Almost two years ago, on a trip to the African continent, I was privileged to speak in Cape Town, South Africa. While there, I received a very meaningful gift from my friend Shaun Battleman: a visit and private tour of Robben Island.
If you haven’t heard of Robben Island and the prison that used to be there, you might have heard of one of its more famous prisoners: Nelson Mandela. You might also be familiar with this picture of him in his jail cell, where he spent many years of his life for the “crime” of protesting South Africa’s policy of apartheid.
On a sunny spring day in Cape Town, we boarded Shaun Battleman’s yacht and traveled over to Robben Island. After disembarking, we were taken on a private tour of the facility (which is now a museum). Our tour guide, Jama, had been imprisoned there at the same time as Mandela.
Once we entered the former prison, the doors were slammed shut – to give us a sense of what it felt like to be locked in. We saw the area where prisoners were issued a number and lost the use of their name, along with the censor’s office, where news from loved ones was literally cut out of letters.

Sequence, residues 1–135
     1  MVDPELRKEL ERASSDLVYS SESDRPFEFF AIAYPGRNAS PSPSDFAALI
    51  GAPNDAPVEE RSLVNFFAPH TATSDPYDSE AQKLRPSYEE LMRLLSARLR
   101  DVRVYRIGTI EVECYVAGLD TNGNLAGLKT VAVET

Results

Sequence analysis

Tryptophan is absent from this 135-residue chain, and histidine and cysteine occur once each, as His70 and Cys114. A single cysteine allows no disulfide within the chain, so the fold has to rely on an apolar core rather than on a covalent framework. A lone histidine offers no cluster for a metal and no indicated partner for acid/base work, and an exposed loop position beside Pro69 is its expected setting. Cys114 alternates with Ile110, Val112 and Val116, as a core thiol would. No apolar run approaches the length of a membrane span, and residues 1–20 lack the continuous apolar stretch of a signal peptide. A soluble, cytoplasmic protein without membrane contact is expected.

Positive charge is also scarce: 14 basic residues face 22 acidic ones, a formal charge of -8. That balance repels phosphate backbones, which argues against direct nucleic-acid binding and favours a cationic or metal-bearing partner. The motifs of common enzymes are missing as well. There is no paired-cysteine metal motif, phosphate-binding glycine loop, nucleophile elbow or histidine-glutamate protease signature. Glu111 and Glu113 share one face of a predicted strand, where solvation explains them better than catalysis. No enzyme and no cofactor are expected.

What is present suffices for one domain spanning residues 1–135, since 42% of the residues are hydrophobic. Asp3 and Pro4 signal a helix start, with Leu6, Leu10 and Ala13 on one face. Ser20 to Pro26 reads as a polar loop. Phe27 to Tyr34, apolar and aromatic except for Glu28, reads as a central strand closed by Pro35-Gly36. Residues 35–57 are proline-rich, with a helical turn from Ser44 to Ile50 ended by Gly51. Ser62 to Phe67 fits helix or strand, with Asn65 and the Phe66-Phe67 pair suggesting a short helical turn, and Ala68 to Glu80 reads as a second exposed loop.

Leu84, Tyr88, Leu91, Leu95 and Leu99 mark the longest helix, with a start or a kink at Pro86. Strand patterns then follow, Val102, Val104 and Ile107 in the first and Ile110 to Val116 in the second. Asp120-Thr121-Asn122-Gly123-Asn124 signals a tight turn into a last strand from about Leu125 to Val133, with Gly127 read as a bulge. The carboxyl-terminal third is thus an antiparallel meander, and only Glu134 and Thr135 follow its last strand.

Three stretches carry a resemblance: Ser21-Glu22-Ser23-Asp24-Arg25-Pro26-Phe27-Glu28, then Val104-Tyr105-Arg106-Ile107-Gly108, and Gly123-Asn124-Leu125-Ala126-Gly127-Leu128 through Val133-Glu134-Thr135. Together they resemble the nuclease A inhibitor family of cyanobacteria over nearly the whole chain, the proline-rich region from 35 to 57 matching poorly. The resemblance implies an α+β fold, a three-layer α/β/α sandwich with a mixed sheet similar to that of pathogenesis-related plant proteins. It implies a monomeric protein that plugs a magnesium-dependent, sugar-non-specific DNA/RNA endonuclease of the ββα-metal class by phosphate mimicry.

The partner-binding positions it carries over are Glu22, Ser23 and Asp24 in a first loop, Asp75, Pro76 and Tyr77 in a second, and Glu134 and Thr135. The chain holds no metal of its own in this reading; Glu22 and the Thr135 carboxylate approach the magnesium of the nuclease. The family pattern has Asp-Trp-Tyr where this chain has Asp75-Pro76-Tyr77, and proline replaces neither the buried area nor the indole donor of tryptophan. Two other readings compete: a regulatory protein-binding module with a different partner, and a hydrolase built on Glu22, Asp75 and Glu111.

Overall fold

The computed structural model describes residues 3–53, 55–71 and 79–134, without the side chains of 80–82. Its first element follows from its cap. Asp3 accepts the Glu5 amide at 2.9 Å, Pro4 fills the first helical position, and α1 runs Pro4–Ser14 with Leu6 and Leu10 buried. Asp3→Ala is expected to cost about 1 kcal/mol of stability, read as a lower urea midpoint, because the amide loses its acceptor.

Most significantly, we visited Nelson Mandela’s cell – the one in the picture above. The furnishings consisted of a bucket, a stool, and a “bed” that was really just a mat on the floor. Jama allowed me to unlock the cell door and enter the space that had been “home” to Mandela for so long. First, I lay down on the mat – it was very uncomfortable, as you might imagine. Then I looked out the cell window onto the prison yard, just like Mandela did above. And I was overcome with emotion, inspired by Nelson Mandela’s courage and commitment. For you see, he never stopped fighting apartheid, even while imprisoned.
He and fellow prisoners, who were not allowed to interact, met in the one place in the whole prison where the guards left them alone: the cave that they had to use as a toilet. Because of the smell of the cave, the guards would not go in. So it was there that Mandela and his fellow prisoners discussed the future of South Africa.
Released in 1990 after the dismantling of the system of segregation, Mandela went on to serve as first president of the new South Africa from 1994 to 1999. And after retiring, he continued to serve his people. He’s now almost 95 years old, and one of the leaders that I admire most who I haven’t been able to meet. I don’t know if I’ll ever get to meet him, but I can tell you the lessons I’ve learned from him. This is what I took away from my visit to his prison:
- Our surroundings need not control our spirit.
- People who devalue us do not determine our value.
- Dreams can be birthed during the daily grind.
- Out of our brokenness, we can be made whole and bring healing to others.
The writer in the Bible’s book of Proverbs wrote, “A man’s gift makes room for him.” Nelson Mandela had no room in his cell, but his gift could not be contained. In time, his gift made room for him to lead and bless his country.